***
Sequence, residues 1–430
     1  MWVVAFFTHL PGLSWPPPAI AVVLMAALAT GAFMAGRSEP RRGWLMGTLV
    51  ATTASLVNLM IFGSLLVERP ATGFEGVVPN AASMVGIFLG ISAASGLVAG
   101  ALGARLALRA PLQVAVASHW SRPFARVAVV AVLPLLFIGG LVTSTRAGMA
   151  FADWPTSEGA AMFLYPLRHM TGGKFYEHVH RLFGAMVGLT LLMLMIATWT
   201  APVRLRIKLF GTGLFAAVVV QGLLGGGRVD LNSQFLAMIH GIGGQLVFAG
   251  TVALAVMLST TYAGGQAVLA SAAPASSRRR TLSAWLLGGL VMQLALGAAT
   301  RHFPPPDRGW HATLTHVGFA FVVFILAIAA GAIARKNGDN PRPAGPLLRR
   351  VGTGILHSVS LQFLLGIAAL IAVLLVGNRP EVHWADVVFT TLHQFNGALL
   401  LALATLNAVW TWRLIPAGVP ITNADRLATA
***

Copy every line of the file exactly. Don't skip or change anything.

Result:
Sequence, residues 1–430
     1  MWVVAFFTHL PGLSWPPPAI AVVLMAALAT GAFMAGRSEP RRGWLMGTLV
    51  ATTASLVNLM IFGSLLVERP ATGFEGVVPN AASMVGIFLG ISAASGLVAG
   101  ALGARLALRA PLQVAVASHW SRPFARVAVV AVLPLLFIGG LVTSTRAGMA
   151  FADWPTSEGA AMFLYPLRHM TGGKFYEHVH RLFGAMVGLT LLMLMIATWT
   201  APVRLRIKLF GTGLFAAVVV QGLLGGGRVD LNSQFLAMIH GIGGQLVFAG
   251  TVALAVMLST TYAGGQAVLA SAAPASSRRR TLSAWLLGGL VMQLALGAAT
   301  RHFPPPDRGW HATLTHVGFA FVVFILAIAA GAIARKNGDN PRPAGPLLRR
   351  VGTGILHSVS LQFLLGIAAL IAVLLVGNRP EVHWADVVFT TLHQFNGALL
   401  LALATLNAVW TWRLIPAGVP ITNADRLATA